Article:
GZCK and Minister for Home Affairs (Migration) [2019] AATA 656 (5 April 2019); Mr A Maryniak QC, Member

Migration – protection visa – refugee – whether the Applicant committed war crimes – whether the Applicant was a member of the LTTE – whether witness is credible – whether witness is reliable –misleading government officials – international law – Sri Lanka – Refugee Convention – Rome Statute – decision affirmed

Lumanovski and Minister for Home Affairs (Migration) [2019] AATA 681 (13 February 2019); Ms A Burke AO, Member

MIGRATION – visa refusal – applicant is a citizen of the Former Yugoslav Republic of Macedonia (FYROM) – applicant applied for a Bridging visa – applicant does not pass character test in s 501(6) of the Migration Act 1958 – applicant not of good character on account of criminal conduct – whether discretion to refuse visa should be exercised – applicant does not present unacceptable risk of re- offending – impact on family and business interest – decision under review set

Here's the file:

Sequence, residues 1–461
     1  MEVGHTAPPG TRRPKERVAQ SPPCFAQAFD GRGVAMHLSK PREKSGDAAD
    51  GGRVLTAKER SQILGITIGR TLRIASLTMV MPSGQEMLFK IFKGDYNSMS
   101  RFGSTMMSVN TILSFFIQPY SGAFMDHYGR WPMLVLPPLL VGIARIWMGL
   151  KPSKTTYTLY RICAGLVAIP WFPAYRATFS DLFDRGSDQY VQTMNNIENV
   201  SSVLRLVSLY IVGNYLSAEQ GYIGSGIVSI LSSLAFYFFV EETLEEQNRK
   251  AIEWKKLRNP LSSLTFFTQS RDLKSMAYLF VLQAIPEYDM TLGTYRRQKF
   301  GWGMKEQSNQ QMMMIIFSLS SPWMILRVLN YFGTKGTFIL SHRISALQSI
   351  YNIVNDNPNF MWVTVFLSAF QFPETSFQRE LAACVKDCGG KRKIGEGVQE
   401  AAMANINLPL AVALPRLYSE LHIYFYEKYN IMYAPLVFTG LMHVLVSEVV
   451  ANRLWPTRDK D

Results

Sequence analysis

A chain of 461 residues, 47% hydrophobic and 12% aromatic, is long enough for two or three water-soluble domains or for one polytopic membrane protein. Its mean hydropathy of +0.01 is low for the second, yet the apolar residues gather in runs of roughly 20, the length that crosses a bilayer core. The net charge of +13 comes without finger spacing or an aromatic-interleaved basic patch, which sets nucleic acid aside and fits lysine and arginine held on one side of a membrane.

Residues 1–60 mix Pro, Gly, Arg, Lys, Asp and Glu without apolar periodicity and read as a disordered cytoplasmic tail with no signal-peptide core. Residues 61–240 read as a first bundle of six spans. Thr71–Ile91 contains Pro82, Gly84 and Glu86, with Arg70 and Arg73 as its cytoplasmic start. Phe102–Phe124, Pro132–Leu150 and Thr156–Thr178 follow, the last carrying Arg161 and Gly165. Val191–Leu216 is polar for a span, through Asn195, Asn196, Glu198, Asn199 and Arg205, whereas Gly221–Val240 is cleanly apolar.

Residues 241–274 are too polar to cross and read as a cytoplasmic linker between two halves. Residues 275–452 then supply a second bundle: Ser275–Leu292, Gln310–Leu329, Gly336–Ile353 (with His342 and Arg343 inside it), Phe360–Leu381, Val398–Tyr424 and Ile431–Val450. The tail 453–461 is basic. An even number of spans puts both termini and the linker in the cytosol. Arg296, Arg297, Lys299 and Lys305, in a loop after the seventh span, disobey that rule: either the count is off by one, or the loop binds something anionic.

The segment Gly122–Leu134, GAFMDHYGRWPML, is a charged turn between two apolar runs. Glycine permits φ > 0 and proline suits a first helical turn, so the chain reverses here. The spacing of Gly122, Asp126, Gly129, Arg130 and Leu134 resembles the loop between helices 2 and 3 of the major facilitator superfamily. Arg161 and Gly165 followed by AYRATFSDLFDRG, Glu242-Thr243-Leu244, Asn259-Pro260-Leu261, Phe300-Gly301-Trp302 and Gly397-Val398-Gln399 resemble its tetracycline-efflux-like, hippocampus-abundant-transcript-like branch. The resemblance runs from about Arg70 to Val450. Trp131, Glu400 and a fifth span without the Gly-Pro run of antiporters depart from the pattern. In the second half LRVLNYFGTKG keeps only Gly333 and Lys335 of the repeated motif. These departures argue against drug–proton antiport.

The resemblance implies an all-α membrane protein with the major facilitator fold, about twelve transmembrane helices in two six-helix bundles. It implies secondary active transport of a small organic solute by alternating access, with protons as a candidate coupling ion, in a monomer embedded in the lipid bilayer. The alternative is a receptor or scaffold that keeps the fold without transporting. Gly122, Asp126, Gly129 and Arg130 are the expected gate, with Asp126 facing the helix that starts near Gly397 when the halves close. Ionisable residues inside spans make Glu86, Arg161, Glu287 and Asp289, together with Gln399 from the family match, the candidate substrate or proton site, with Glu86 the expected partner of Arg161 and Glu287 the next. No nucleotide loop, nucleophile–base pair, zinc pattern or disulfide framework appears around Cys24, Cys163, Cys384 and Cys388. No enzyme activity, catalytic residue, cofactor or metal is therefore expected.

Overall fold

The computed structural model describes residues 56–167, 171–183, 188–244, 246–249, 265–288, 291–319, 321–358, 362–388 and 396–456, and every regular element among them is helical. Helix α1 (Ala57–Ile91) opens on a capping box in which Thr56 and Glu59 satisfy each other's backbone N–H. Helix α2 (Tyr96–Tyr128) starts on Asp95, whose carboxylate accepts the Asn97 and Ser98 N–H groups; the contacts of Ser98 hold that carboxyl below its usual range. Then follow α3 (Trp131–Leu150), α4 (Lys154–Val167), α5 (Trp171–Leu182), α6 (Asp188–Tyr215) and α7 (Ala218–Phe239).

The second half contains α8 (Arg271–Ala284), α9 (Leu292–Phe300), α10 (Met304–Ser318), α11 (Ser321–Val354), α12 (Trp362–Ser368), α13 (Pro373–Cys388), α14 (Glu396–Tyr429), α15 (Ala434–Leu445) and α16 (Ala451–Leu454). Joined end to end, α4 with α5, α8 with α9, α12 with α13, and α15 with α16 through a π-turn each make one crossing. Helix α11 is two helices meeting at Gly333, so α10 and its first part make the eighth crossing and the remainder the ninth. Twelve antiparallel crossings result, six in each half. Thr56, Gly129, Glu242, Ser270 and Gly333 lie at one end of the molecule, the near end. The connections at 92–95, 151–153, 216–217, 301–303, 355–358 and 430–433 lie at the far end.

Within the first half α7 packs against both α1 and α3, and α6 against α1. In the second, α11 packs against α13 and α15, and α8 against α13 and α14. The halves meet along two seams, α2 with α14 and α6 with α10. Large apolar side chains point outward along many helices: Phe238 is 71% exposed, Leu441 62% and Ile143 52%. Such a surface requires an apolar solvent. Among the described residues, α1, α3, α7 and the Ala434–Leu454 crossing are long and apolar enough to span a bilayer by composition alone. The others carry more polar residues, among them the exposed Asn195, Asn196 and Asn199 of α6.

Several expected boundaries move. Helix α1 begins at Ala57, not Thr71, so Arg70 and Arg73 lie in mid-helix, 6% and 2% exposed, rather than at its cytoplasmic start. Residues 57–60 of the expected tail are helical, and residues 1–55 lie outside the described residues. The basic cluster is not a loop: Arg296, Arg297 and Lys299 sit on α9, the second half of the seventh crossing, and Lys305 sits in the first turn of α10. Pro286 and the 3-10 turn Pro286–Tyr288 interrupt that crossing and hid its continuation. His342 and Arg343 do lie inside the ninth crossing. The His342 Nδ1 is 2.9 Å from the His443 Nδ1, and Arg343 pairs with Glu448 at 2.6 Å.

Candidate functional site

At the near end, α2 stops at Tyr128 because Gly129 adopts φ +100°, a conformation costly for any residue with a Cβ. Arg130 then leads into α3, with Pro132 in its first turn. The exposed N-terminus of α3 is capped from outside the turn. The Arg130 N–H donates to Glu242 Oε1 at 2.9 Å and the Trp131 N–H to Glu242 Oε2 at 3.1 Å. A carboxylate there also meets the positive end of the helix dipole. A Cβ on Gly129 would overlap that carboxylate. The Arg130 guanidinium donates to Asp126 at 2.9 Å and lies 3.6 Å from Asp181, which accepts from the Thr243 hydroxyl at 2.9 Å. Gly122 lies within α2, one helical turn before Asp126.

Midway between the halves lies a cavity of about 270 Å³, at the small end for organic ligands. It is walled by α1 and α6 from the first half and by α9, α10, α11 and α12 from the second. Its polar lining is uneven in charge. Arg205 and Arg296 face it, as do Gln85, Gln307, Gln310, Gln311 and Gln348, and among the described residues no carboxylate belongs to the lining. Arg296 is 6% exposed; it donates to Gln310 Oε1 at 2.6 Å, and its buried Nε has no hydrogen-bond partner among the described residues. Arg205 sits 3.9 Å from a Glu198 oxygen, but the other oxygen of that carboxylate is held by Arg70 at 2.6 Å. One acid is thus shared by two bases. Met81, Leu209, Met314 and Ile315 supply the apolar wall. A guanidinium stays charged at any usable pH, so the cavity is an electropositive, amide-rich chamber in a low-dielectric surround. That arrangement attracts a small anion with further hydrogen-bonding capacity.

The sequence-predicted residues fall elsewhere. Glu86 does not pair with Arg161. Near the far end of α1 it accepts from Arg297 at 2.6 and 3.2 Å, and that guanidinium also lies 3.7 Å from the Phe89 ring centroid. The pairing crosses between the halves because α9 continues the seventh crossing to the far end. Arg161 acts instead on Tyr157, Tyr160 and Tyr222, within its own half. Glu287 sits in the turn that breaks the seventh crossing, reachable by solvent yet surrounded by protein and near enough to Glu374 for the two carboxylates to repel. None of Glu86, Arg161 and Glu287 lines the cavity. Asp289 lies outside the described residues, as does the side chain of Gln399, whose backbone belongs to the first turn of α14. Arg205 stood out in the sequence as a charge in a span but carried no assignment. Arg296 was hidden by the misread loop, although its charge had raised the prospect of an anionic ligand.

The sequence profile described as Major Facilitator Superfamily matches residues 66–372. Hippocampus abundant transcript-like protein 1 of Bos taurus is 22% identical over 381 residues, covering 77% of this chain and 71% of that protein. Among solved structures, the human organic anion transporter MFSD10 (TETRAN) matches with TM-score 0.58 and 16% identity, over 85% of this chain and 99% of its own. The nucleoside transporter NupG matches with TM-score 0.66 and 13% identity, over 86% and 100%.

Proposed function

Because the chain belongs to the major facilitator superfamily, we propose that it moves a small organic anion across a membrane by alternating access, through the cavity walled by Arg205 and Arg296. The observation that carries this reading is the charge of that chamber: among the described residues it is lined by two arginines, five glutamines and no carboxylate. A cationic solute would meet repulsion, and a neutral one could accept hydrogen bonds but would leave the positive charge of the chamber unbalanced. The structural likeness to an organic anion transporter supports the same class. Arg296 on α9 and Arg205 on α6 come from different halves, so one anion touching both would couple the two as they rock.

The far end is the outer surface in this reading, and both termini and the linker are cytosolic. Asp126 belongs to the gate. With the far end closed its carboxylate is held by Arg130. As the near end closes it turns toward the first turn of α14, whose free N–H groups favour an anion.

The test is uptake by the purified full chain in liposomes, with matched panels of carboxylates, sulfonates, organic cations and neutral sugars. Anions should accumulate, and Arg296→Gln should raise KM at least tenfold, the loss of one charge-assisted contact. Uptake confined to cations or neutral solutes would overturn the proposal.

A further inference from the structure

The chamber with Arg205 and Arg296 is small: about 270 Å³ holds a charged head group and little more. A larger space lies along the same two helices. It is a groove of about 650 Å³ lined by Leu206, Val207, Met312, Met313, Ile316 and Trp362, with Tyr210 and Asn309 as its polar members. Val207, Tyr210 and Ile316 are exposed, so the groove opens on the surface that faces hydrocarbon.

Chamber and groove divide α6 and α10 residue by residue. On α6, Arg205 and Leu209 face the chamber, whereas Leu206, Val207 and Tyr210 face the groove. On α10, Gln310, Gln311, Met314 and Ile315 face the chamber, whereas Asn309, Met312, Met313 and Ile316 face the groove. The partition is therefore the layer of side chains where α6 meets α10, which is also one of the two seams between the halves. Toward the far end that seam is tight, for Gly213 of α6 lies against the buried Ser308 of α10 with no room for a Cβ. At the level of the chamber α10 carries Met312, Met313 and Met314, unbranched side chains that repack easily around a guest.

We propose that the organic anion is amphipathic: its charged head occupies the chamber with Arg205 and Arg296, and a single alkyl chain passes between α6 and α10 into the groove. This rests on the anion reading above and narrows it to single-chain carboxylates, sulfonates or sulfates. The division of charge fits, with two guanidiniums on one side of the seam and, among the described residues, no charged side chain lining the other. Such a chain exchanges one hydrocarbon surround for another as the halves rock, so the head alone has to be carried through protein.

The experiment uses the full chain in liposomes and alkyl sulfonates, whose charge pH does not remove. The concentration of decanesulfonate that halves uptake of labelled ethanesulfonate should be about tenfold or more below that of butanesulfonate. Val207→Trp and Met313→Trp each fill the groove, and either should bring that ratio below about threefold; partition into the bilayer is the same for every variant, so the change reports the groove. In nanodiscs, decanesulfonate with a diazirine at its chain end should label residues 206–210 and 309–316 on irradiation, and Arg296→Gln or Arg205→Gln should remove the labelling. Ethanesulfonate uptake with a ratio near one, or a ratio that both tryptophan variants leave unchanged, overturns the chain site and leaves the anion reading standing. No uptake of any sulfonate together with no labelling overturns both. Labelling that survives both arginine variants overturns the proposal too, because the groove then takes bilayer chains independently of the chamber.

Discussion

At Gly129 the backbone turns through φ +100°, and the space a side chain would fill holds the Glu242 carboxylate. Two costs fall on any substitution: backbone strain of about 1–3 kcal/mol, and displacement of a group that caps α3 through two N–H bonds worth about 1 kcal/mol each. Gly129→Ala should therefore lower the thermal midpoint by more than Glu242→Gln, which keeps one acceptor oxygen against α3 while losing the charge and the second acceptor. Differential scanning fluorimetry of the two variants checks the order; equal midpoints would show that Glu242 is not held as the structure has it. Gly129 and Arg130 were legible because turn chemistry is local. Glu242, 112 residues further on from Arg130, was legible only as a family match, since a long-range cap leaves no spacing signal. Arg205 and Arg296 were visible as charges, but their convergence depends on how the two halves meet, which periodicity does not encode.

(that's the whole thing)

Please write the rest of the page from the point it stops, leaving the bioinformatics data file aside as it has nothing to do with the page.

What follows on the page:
Ma’afu and Minister for Home Affairs (Migration) [2019] AATA 684 (9 April 2019); Senior Member T Tavoularis

MIGRATION – REVOCATION OF MANDATORY CANCELLATION OF VISA ON CHARACTER GROUNDS – expedited matter – applicant failed to pass the character test – sentenced to 12months’ imprisonment or more – whether there is any other reason to revoke the mandatorycancellation of the Applicant’s visa – considerations in Direction 79 – decision under review set aside and substituted

PKBV and Minister for Home Affairs (Migration) [2019] AATA 683 (9 April 2019); Deputy President The Hon. Dennis Cowdroy OAM QC